More About the Author
Karen Truesdell Riehl's writing achievements are remarkable, given the award-winning author's lifelong battle with dyslexia. She was unable to read until the age of ten. Her published works now include a memoir, Love and Madness: My Private Years with George C. Scott, telling of her 30-year hidden liaison with the international film star, six novels, eight plays and a radio comedy series, The Quibbles, available from ArtAge Publications at http://www.seniortheatre.com/product/the-quibbles-radio-shows/. Her children's play, Alice in Cyberland, was an award winner in the National Southwest Writers Contest.
Karen's nonfiction novel, Helga, was selected best nonfiction book (military and politics) by the 2015 San Diego Book Awards. When the author met Helga in 1977, she was an elementary school librarian, a 1948 German immigrant. Asked about her experience during the war, Helga quietly revealed she had been a "Jugend," a member of Hitler's child army,Ten-year-old Helga is forced to join the Hitler youth weekly meetings. Lies and treats are used to build her allegiance to the Fuhrer. As the war draws nearer to Berlin, Helga is sent away to a Youth Training Camp. Her slow disillusionment and harrowing escape home, is a coming-of-age story of a young girl's survival of Nazi mind control.
In the romance novel, Hello Again, a finalist in the 2015 San Diego Book Awards, Shannon Taggert falls in love with Nate, a graduate student teaching assistant. But there's another woman in Nate's life, Tally, the daughter of Walter, his mentor and benefactor. Before meeting Shannon, as Walter lay dying, Nate promised to marry his daughter.
The Ghosts of Fort Ord was inspired by living for a month near the abandoned military base.
After having lived for several years in Terre Haute, Karen was inspired to write a story about scandals in a fictional small town in Indiana, Freedom's Sins.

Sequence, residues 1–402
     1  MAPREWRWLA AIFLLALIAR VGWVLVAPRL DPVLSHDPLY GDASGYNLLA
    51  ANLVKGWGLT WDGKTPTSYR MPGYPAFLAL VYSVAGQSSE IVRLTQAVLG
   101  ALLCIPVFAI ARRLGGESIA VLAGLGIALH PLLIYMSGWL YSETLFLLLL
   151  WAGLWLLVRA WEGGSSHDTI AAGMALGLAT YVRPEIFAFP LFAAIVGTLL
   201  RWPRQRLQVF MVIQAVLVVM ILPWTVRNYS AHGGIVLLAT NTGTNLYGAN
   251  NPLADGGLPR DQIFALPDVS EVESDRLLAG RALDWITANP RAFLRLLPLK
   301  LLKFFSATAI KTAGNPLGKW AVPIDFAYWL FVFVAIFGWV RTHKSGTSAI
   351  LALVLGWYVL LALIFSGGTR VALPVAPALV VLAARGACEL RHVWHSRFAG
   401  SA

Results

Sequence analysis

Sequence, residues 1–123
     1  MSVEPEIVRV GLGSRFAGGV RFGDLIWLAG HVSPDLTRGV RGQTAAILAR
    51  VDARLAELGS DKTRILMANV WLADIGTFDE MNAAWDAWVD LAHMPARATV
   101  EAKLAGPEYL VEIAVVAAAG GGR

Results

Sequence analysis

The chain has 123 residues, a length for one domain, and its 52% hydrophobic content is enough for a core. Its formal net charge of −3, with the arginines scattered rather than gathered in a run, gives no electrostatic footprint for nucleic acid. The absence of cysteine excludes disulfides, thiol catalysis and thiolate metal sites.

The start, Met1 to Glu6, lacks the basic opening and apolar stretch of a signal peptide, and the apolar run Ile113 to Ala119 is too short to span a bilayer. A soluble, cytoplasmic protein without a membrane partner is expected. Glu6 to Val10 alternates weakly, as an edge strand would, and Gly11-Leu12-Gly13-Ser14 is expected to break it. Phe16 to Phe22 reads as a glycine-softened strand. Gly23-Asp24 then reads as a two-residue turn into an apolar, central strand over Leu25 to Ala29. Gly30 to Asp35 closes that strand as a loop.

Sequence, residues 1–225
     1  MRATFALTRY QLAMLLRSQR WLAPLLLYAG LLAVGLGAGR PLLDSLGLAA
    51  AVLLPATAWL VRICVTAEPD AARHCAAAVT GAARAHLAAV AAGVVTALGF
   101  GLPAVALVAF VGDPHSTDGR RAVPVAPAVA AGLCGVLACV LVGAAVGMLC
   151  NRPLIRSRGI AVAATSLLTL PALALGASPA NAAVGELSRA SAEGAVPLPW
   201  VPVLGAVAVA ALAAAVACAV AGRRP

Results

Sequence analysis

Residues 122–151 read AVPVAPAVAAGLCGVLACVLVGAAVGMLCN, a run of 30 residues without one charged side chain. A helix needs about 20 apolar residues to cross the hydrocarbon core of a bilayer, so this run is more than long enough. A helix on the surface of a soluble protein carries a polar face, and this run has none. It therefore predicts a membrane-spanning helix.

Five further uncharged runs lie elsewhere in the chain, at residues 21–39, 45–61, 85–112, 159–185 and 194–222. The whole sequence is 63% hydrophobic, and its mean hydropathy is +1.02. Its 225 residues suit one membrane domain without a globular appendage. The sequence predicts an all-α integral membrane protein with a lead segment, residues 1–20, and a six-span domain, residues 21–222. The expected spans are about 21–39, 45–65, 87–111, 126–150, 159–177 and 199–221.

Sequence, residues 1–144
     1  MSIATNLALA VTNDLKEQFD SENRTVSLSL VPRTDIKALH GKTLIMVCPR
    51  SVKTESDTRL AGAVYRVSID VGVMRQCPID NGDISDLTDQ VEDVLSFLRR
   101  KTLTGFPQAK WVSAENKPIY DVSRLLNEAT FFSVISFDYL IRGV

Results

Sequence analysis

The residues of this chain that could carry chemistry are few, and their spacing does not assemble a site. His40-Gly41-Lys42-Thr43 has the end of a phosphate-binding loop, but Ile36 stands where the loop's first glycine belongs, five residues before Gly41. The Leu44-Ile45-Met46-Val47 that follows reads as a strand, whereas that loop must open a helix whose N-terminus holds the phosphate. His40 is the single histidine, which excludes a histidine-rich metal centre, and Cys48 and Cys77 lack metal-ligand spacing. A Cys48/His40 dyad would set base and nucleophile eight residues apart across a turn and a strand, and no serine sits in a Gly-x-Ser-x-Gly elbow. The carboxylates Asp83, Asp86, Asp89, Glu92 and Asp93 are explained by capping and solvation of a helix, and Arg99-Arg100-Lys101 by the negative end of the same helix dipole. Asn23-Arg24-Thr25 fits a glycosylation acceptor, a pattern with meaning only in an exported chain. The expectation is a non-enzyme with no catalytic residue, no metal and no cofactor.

Saturday Night Dance Club, was inspired by a true story of four couples, from the 1900's to 1930's, touched by the Great War, organized crime, the Depression and the threat of another war, finding sanctuary in their weekly dance club.
Drawing from her personal experience, Karen wrote Bad Girl: A Play. The Safe Haven Home for Unwed Mothers provides shelter from a judgmental society, but reveals its hypocrisy as well. The young women from all levels of society, rich and poor, share only their shame.
My nonfiction novel, Helga: Growing Up in Hitler's Germany, is based on my interview of a former member of the Jugend, Hitler's child army.
My many overnight weekend getaways on the famous Queen Mary has me busily writing The Ghosts of the Queen Mary. I look forward to publishing it in the autumn 2014.
I love to hear from readers of my books. Email me, follow me on twitter, or friend me on Facebook.
I love to hear from readers of my books. Please email me or friend me on Facebook.
Here's an in-depth Q/A interview I recently published on Smashwords:
Where did you grow up, and how did this influence your writing?
My hometown is Seattle, Washington, the setting for Saturday Night Dance Club. You can read about my 7-months in New York, living with an actor who later became a film star, in my memoir, Love and Madness: My Private Years with George C. Scott. In Freedoms Sins I drew inspiration to write a novel about small town scandal from living in New England and Terre Haute, Indiana. I now live in Carlsbad, California, one of the settings for my latest two novels, Hello Again and The Ghosts of Fort Ord. Experiencing life in different regions of the country widens my understanding of the characters I create.
What's the story behind your latest book?